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Asymptomatic pulmonary embolus masquerading as acute anteroseptal myocardial infarction

Published online by Cambridge University Press:  11 May 2015

Jeanne Noble*
Department of Emergency Medicine, University of California, San Francisco, CA
Amandeep Singh
Department of Emergency Medicine, Alameda Country Medical Center, Highland Hospital, Oakland, CA
Department of Emergency Medicine, University of California, San Francisco, 505 Parnassus Avenue, Room L138, San Francisco, CA 94143-0208;


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Pulmonary embolism (PE) is an uncommon and often overlooked cause of ST-segment elevation on the electrocardiogram (ECG). Emergent echocardiography has been cited as a means to rapidly distinguish acute myocardial infarction from PE. However, both of these conditions can present with focal wall motion abnormalities. We report a case of a 51-year-old asymptomatic male who presented to our emergency department with anterior ST-segment elevation and right-heart strain on an ECG. The clinical diagnosis of ST elevation myocardial infarction was in doubt, and an echocardiogram was obtained while the patient was in the emergency department. Although a focal area of hypokinesia was observed on echocardiography, cardiac catherization did not demonstrate any evidence of acute coronary occlusion. A computed tomographic angiogram of the chest was subsequently obtained, which demonstrated evidence of submassive pulmonary emboli. Our case highlights the limited utility of emergent echocardiography in cases of ST-segment elevation.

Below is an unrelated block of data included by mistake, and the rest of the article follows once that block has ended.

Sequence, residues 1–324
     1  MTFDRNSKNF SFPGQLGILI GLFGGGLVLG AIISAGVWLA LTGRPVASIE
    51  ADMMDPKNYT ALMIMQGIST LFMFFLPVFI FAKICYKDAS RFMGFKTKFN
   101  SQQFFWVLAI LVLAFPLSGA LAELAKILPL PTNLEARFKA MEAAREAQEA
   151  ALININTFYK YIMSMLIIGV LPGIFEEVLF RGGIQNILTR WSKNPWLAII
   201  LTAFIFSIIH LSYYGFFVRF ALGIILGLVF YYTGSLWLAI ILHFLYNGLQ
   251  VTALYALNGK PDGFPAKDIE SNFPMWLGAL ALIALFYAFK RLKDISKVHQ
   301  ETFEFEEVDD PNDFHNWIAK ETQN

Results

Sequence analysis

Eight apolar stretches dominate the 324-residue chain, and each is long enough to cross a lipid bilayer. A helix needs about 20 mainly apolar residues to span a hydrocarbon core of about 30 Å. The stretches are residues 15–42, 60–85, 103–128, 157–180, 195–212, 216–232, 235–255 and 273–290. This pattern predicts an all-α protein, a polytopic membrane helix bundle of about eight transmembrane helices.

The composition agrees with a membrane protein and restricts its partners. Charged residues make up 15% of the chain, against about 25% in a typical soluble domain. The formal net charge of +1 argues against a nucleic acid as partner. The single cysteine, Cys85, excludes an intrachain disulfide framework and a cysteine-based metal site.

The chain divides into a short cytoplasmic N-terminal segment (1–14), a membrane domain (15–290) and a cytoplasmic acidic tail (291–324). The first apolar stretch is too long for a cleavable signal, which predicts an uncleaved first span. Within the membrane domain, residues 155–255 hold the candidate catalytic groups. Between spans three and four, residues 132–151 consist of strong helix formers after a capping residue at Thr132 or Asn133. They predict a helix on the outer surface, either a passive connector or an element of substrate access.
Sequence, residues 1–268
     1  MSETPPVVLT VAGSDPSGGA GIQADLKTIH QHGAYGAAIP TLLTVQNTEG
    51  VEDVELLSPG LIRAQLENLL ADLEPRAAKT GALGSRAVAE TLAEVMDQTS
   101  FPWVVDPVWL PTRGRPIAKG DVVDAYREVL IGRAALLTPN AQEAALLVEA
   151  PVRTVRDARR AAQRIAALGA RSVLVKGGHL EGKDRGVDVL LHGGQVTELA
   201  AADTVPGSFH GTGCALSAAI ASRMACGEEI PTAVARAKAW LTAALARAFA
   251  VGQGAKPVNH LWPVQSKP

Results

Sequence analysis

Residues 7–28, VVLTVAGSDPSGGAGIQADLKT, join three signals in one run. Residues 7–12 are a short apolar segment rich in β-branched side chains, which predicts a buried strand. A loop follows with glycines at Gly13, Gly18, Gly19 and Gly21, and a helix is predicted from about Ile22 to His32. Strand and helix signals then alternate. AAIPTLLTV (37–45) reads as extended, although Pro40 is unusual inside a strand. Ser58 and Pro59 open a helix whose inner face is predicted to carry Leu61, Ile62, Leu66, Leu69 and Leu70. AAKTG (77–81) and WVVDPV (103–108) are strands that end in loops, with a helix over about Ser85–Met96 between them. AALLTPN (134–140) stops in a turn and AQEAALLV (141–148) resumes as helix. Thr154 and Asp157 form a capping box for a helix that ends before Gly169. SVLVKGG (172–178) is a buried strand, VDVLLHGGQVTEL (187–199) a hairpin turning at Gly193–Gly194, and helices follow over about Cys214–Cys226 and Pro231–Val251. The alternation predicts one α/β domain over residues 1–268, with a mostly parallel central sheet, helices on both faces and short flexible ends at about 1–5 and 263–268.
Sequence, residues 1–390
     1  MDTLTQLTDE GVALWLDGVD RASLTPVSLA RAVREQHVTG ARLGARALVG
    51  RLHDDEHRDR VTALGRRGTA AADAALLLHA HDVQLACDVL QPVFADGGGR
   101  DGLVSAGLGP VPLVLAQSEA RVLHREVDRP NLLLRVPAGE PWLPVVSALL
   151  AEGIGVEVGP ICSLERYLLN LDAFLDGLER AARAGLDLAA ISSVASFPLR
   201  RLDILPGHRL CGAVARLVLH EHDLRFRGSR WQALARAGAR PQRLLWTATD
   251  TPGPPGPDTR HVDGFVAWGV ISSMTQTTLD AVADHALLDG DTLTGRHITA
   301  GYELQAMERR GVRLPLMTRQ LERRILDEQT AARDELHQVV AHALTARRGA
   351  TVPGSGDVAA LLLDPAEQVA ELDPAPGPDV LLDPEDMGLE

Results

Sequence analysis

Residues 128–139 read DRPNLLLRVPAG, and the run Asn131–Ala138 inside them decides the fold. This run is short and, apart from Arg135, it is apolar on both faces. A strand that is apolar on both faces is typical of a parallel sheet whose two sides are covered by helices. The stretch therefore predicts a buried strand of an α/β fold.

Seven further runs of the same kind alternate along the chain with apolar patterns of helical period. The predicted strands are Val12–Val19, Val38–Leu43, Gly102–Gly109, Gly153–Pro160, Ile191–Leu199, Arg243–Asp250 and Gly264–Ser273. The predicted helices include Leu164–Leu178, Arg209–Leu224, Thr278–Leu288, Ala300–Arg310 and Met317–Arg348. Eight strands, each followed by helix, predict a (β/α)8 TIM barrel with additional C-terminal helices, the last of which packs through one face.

Case Report • Rapport de cas
Copyright © Canadian Association of Emergency Physicians 2011



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